The Netherlands Authority for Consumers and Markets (ACM) has announced the new rates for heat for the year 2024.
The maximum price for heat in 2024 is much lower than the maximum price for heat in 2023. However, this will not immediately lead to a decrease in the heat bill. This is because heat customers benefited from the price ceiling in 2023 with which the government compensated them for the sharply increased energy costs, and offered a large discount on their heat bill through the heat suppliers.
The most important changes in heat rates:
- Significant decrease in variable maximum rates: The maximum price for heat in 2024 will decrease by 49% compared to 2023. For 2024, the variable heat rates per gigajoule (GJ) will drop below the 2023 ceiling rate.
- Increase in fixed maximum rates: The fixed maximum rates for standing charges, metering rates and delivery sets for heat have increased by approximately 13% compared to 2023. This increase is due to inflation and therefore increasing costs for materials and personnel.
In 2023, the difference between the price ceiling and the contract rate was reimbursed by the government through the heat suppliers. This saved the heating customer up to €43.50 incl. VAT per GJ of heat compared to the maximum rate, but not all heating companies apply the maximum rate. Due to the disappearance of the price ceiling, an average heat customer will pay slightly more expensively in 2024 than was the case under the price ceiling in 2023, despite the fact that the average price for the heat itself has fallen.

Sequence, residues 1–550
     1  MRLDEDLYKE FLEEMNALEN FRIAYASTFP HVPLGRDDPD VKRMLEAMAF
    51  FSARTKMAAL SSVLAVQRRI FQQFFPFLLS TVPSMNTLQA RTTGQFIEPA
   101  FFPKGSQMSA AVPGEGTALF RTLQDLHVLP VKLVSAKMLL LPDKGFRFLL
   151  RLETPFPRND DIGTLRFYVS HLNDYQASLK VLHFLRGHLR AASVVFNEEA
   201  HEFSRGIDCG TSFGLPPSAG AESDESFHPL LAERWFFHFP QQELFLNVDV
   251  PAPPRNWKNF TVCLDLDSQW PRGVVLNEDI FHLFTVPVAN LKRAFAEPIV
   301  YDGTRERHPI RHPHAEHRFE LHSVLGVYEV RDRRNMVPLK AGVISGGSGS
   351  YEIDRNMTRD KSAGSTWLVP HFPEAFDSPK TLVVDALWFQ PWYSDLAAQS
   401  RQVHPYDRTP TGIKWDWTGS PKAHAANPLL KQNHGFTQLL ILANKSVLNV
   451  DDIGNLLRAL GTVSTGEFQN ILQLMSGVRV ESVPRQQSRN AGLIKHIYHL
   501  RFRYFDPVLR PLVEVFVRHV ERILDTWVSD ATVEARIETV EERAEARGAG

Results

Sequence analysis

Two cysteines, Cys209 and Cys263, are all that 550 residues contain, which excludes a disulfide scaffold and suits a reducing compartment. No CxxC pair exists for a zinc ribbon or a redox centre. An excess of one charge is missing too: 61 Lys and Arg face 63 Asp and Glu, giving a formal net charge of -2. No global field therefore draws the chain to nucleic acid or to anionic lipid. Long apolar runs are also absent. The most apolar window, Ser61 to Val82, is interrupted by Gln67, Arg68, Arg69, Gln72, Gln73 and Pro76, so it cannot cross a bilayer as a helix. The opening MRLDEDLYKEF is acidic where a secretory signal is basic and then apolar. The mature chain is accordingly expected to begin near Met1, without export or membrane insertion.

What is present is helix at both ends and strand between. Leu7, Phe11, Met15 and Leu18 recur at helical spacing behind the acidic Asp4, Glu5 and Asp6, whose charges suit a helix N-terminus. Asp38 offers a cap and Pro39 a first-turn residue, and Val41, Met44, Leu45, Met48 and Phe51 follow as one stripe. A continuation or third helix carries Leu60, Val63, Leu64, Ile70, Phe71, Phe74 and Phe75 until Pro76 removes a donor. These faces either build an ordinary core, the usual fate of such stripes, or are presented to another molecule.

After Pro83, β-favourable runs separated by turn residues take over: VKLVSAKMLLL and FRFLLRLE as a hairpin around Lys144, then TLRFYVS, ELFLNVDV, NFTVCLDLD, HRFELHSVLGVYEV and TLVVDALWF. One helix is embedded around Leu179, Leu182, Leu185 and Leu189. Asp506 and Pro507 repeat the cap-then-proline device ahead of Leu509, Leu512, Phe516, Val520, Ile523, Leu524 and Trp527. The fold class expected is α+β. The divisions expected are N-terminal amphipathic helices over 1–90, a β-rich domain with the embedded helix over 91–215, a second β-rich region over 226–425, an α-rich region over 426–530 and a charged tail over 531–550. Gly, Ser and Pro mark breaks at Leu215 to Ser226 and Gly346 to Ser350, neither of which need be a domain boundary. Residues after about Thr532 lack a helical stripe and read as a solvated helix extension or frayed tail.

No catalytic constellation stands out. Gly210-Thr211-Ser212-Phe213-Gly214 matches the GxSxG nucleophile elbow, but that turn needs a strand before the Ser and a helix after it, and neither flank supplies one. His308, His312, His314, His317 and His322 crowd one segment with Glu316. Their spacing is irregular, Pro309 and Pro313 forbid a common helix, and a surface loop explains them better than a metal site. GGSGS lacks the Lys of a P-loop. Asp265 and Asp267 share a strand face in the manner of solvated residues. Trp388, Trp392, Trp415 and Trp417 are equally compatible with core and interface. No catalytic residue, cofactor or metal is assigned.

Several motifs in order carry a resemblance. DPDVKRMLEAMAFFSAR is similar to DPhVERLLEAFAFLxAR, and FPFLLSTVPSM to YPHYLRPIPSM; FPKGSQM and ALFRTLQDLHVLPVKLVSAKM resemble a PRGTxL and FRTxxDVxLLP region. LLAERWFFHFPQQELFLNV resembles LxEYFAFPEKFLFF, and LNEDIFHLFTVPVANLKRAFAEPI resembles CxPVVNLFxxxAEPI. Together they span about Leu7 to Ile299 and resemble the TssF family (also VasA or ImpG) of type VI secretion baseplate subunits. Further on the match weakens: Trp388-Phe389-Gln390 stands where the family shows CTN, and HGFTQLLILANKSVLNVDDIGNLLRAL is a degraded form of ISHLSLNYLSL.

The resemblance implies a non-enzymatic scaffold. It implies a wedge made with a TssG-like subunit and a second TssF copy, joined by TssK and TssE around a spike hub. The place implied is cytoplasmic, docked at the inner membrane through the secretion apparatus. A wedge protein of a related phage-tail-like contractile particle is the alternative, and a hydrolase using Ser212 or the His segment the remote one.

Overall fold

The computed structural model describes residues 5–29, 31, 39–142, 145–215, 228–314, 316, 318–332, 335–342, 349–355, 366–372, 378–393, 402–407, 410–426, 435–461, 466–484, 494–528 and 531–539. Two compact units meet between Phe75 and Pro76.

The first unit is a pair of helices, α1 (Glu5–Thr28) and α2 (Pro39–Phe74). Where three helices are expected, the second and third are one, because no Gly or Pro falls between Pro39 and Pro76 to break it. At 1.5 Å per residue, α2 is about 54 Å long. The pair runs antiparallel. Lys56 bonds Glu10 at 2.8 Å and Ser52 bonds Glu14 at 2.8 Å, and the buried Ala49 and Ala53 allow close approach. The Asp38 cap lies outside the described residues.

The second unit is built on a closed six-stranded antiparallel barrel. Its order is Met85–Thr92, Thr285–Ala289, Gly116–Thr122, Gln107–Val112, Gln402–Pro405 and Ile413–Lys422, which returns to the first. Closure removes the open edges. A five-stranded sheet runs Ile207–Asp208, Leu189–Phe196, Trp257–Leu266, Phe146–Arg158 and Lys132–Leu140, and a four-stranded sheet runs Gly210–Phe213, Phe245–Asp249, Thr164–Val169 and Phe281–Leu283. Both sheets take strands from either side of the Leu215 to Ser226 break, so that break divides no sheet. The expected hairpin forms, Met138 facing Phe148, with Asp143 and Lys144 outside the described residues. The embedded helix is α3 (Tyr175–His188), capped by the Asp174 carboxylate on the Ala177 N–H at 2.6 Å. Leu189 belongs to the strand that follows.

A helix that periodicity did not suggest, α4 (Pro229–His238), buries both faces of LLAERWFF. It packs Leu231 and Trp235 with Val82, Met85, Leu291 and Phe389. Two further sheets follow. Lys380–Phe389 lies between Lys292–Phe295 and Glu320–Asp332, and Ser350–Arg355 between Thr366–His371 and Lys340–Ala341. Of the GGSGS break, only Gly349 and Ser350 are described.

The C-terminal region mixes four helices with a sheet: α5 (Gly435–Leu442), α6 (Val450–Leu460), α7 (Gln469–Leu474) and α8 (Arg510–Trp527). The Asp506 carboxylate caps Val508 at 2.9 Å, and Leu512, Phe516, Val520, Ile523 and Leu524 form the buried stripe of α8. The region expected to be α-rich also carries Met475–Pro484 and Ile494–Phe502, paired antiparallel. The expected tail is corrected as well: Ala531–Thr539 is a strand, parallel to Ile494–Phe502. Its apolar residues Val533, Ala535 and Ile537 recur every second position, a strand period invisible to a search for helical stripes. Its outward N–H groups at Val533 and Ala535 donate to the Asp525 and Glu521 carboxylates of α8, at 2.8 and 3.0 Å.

The “No More Than Otherwise” principle (NMDA)
Every year, the ACM sets the maximum rates for heating companies, using the gas price as a reference point. This falls under the “No More Than Otherwise” principle (NMDA), which ensures that customers of heating companies do not pay more than consumers with a natural gas central heating boiler.
Energie-Nederland advocates the rapid development of a new tariff system that replaces the current natural gas reference. Energie-Nederland supports a cost-plus system, as proposed in the current bill.